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DeerDeter promises to lessen deer-vehicle collisions


August 3, 2010

The DeerDeter detects oncoming vehicles, then scares deer away from the road

The DeerDeter detects oncoming vehicles, then scares deer away from the road

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There’s a stretch of highway in Utah, where over 300 carcasses of car-struck deer were found in a single year. It’s not surprising, therefore, that the Utah Department of Transportation (UDOT) has chosen part of that area to try out the DeerDeter Wildlife Crossing Guard. As you might have guessed from its name, the roadside device is designed to keep deer from wandering out onto nighttime roads as cars are approaching. When it detects oncoming headlights, the DeerDeter’s strobe lights and audio alarm system are activated, causing deer and other animals in its vicinity to keep their distance.

As the device is only triggered by oncoming headlights, it will not interfere with the passage of wildlife when no vehicles are nearby. Its audio alarm mimics the call of a predator or a deer’s cry of fear, while the lights are meant to resemble the moving reflective irises of a predator’s eyes. So animals won’t become desensitized to it, the DeerDeter can be programmed with a variety of sounds, including a high-frequency noise audible to deer but not to humans – this is for use in urban areas, where people might find its nocturnal screeches off-putting.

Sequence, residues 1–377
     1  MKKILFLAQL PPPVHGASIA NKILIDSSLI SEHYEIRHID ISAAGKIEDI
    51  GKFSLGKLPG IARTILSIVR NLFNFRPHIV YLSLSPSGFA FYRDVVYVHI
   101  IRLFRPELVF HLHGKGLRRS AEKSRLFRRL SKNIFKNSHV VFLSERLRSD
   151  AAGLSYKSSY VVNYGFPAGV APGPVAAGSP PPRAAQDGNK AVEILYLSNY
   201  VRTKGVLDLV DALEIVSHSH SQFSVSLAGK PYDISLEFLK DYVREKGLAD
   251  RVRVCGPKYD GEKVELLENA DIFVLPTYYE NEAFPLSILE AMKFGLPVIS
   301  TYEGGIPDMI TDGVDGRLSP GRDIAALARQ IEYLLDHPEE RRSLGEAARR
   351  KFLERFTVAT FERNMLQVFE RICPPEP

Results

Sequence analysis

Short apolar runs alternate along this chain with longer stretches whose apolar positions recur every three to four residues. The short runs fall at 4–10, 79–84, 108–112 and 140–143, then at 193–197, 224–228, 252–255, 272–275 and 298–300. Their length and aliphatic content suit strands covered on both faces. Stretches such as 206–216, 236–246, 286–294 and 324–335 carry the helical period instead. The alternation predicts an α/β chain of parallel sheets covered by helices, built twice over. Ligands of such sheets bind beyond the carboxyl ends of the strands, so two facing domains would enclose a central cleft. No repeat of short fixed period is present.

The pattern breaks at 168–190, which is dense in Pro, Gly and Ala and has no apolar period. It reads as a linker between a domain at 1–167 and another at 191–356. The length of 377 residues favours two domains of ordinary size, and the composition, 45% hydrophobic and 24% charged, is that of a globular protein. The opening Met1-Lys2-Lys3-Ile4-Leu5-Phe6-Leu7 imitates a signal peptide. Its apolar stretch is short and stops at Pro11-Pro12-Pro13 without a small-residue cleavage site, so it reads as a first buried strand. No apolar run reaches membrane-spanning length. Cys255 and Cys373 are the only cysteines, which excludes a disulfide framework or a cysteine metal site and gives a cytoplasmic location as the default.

The device is encased in a weatherproof Plexiglas housing, and runs off batteries, solar cells, or both.

DeerDeters in place along a test stretch of road

The Utah pilot project is a joint venture between U.S. distributor JAFA Technologies and Austrian product developer IPTE. UDOT bought 70 of the devices at a reduced price, and the companies threw in an extra 30 to ensure verifiable test results. Not only will UDOT be evaluating how implementation of the DeerDeter affects the carcass count, but they will also be setting up Infrared motion-activated cameras, to observe how the animals react when the alarms go off.

The DeerDeter has already been successfully tested in “an exceptionally hazardous area” in Springfield Township, New Jersey, and has been deployed by the Highway Authority in Denver, Colorado and Essex County, New Jersey. The current test area is a 1.5-mile section of Utah’s Highway 191, which lies within a wildlife corridor. In Austria, where 4,000 of the devices are already in use, they have reportedly reduced deer-vehicle collisions by 75 to 100 percent.

About the Author
Ben Coxworth An experienced freelance writer, videographer and television producer, Ben's interest in all forms of innovation is particularly fanatical when it comes to human-powered transportation, film-making gear, environmentally-friendly technologies and anything that's designed to go underwater. He lives in Edmonton, Alberta, where he spends a lot of time going over the handlebars of his mountain bike, hanging out in off-leash parks, and wishing the Pacific Ocean wasn't so far away.   All articles by Ben Coxworth
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